Power in leadership helps teams reach greater levels of performance. Having the ability to lead and motivate others is valuable for anyone in a managerial position to inspire their teams to reach big goals.
Powerful leaders are usually extremely persuasive. In general, power is often seen as connected to credibility and influence. When you're influencing people, you capture their minds and hearts and move them to action.
If you have this power, it's essential that you understand that [it] was given to you – and can be taken away. Don't abuse it.
-Nicole Lipkin, author, What Keeps Leaders Up At Night
But not everyone knows what to do with power once they have it.
"Power tends to get to people's heads," says Nicole Lipkin, author of What Keeps Leaders Up At Night. "We're not really trained to handle power well."
In 1959, psychologists John French and Bertram Raven developed a framework for understanding different types of power. In her book, Lipkin writes about these concepts and why it's important for leaders to understand what type they're using.
Types of Power in Leadership
1. Legitimate Power
Legitimate power happens when someone is in a higher position, giving them control over others.
"If you have this power, it's essential that you understand that [it] was given to you – and can be taken away. Don't abuse it," Lipkin says.
2. Coercive Power
There's really no time or space for coercive power in the workplace, Lipkin notes. No matter how good of a leader you are, fear likely won't win respect and loyalty from your employees now or in the long run.
"Ultimately, you can't build credibility with coercive influence – [it can be] like bullying in the workplace," she says.
3. Expert Power
This power comes directly from your top-level skills and years of experience. Once you hold expert knowledge, your peers will likely regard you as such.
"If [someone] holds an MBA and a Ph.D. in statistical analysis, her colleagues and reports are more inclined to accede to her expertise," Lipkin says. "This gives [her] a great deal of influence."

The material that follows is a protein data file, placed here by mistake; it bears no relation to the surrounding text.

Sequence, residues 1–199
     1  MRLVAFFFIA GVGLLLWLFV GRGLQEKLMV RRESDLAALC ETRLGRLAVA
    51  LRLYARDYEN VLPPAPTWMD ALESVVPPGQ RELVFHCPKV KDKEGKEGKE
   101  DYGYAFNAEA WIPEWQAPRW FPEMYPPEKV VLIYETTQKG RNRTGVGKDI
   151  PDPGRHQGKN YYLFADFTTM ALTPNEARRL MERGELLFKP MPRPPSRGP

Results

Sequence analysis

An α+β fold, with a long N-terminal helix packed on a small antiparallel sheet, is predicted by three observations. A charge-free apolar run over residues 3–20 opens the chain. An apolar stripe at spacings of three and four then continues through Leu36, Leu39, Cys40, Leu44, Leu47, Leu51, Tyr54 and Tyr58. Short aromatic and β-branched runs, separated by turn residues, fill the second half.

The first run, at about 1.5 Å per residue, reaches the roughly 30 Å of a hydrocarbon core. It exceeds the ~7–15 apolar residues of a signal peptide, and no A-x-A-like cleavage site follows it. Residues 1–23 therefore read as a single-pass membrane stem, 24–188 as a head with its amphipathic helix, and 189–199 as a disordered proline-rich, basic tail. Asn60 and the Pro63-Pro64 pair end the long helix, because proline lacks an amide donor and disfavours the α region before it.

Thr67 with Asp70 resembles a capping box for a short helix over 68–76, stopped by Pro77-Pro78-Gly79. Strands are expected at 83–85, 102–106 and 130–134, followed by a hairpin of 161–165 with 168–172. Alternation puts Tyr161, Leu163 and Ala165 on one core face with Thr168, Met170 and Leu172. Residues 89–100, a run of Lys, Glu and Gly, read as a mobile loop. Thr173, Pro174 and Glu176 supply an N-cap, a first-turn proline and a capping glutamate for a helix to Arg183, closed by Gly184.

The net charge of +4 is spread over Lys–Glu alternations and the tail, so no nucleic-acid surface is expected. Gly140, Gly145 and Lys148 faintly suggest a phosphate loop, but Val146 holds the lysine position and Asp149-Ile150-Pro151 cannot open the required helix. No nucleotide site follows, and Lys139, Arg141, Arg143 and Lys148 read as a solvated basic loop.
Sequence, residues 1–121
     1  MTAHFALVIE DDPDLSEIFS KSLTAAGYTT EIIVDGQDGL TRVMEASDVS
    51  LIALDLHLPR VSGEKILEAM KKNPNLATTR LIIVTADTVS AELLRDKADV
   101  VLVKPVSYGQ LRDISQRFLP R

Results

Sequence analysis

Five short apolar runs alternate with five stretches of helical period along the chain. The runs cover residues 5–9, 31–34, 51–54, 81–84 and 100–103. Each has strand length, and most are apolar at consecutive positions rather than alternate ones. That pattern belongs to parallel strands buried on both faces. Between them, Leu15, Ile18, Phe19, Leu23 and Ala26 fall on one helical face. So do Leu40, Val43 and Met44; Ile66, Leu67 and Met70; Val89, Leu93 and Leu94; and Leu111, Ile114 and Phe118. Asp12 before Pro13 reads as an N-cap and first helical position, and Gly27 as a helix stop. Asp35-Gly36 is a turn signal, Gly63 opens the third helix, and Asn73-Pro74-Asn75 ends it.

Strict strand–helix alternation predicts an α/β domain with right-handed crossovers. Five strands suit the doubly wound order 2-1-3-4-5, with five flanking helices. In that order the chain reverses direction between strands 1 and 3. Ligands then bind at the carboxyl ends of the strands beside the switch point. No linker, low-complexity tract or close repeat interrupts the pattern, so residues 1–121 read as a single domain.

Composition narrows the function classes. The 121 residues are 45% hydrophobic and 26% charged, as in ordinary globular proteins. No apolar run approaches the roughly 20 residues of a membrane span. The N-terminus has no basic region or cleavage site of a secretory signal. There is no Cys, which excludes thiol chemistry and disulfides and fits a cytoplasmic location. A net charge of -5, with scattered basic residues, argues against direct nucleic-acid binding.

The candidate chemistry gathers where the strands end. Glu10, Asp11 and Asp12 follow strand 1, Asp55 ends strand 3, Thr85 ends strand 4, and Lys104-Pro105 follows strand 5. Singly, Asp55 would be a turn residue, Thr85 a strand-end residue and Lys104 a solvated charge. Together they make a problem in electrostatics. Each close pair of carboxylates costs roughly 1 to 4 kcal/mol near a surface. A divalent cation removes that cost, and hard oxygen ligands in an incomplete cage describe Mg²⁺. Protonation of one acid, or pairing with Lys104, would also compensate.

The great thing about this type of power is that no one can take it away from you. It's the knowledge that you hold. However, to remain an expert, you need to continue learning and improving.
4. Informational Power
This is a short-term power that doesn't necessarily influence or build credibility.
For example, a project manager may have all the information for a specific project, giving them "informational power." But it's hard for a person to keep this power for long, as eventually this information will be released. This should not be a long-term strategy.
5. Power of Reward
This power is held by those who can motivate people to respond to win raises, promotions, and awards. For example, managers hold a certain amount of reward power if they administer performance reviews that determine raises and bonuses for their underlings.
"When you start talking financial livelihood, power takes on a whole new meaning," Lipkin says.
6. Connection Power
This power creates influence by proxy and often results from solid networking skills. You can attain this type of power by gaining favor and being a resource to people.
"If I have a connection with someone you want to get to, that's going to give me power. That's politics in a way," Lipkin says. "People employing this power build important coalitions with others."
7. Referent Power
No matter what type of leader you are, referent power is one of the most valuable kinds of power. It's all about how you build and develop relationships.
"This power depends on personal traits and values, such as honesty, integrity, and trustworthiness," Lipkin notes. "People with high referent power can highly influence anyone who admires and respects them."
When people perceive you as powerful, they will more naturally rely on you. There's a lot you can achieve through that influence. Each of these types of power has advantages and disadvantages. As a leader, it's essential to understand the types of power in order to inspire and motivate others, while building trust and credibility with your team and beyond.
A version of this article was originally published on June 17, 2013.
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